While only a few languages in southern Africa have click sounds (velaric ingressive consonants) in ordinary words, many languages can use clicks as para-linguistic, interjection-like gestures. This feature follows WALS feature 142, by David Gil.
Such usages of clicks are not systematically described by linguists, but they show interesting patterns. In some languages, clicks may have only logical meanings, i.e. ‘no’ or ‘yes’. In others, they may have only affective meanings, i.e. meanings such as disapproval, surprise, or disdain. English is such a language (the alveolar click is sometimes spelled “tsk” or “tut”). There are also languages where clicks can have both logical and affective meanings, and finally, some languages do not have para-linguistic clicks at all.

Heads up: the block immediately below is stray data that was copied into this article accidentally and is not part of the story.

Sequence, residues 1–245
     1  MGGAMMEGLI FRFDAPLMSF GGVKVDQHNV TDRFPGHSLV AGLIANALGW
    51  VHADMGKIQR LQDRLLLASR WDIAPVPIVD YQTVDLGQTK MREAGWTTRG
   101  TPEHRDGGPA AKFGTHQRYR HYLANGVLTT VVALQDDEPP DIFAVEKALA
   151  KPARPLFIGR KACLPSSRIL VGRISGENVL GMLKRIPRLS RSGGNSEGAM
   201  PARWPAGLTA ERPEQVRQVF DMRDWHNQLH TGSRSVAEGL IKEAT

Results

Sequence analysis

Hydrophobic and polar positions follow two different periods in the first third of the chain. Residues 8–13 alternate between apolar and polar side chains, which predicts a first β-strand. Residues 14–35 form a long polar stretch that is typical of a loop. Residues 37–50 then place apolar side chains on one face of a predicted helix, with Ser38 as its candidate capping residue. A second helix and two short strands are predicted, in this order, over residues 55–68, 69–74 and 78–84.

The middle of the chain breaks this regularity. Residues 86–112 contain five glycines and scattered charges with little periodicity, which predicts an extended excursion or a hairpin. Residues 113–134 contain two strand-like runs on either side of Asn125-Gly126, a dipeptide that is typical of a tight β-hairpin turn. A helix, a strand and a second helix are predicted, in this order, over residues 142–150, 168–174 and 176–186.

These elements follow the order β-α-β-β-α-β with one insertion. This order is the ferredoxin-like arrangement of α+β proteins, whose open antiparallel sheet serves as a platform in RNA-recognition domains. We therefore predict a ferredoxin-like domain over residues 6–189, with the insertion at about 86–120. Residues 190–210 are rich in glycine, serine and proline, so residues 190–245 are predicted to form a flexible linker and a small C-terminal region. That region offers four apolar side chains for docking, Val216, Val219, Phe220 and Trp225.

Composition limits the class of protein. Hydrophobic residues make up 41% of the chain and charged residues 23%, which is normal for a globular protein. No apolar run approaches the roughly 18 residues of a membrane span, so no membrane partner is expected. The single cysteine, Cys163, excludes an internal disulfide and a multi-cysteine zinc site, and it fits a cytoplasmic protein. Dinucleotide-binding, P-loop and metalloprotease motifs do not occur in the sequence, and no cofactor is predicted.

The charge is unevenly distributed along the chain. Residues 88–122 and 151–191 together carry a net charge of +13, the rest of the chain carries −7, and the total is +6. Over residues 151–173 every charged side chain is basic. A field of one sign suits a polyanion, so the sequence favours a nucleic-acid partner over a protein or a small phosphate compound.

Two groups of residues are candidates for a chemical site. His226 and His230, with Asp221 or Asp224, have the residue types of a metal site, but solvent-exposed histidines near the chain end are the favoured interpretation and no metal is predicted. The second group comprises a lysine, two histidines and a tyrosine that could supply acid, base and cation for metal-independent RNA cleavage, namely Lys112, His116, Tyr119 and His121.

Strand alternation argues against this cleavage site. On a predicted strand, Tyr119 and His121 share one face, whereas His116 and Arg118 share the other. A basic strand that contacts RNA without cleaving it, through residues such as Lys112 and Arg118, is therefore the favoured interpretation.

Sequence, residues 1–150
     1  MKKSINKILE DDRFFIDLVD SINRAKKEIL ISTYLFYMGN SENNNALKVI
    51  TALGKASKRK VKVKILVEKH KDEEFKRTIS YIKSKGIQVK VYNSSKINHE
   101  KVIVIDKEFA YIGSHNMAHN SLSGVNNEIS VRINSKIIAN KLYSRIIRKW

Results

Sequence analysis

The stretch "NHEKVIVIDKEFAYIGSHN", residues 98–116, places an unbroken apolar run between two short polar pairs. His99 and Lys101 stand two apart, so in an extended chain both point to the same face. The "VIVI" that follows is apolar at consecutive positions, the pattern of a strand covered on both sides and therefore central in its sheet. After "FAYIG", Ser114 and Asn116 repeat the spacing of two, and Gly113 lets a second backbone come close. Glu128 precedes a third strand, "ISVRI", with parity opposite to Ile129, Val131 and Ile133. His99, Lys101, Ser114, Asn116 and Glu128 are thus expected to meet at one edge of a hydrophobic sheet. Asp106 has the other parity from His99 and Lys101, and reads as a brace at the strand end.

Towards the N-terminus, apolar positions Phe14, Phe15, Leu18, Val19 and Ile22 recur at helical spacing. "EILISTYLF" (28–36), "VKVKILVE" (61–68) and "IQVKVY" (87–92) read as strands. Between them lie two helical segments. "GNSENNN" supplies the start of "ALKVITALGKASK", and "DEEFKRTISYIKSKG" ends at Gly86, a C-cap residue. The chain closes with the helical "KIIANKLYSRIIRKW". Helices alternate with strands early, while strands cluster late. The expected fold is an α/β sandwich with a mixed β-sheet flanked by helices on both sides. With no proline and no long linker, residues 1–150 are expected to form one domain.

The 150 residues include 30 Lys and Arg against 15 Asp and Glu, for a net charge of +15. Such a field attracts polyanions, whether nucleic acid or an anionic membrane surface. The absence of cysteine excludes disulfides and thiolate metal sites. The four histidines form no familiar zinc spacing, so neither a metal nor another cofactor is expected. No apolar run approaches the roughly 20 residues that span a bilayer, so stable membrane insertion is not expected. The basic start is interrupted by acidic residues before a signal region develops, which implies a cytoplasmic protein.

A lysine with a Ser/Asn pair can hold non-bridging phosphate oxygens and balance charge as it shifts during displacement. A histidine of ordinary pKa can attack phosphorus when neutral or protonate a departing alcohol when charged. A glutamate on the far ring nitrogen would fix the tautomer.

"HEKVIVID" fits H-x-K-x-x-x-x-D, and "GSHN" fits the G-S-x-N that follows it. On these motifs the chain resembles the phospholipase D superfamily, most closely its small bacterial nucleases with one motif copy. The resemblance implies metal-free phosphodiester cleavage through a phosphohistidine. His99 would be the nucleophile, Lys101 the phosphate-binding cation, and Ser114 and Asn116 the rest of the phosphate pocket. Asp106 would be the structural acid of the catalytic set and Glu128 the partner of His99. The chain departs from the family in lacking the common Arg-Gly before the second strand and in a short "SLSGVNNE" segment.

(Click sounds are consonants that are articulated with two closures in the oral cavity. After the pocket of air enclosed between these two closures is rarefied by a sucking action of the tongue, the release of the forward closure produces the characteristic click sound; phoneticians describe clicks as having velaric ingressive airstream mechanism.)
|No para-linguistic clicks||18|
|Clicks can express only affective meanings||34|
|Clicks can express only logical meanings||2|
|Both logical and affective meanings||10|
|Id||Primary text||Analyzed text||Gloss||Translation||Type||Language||Audio||Details|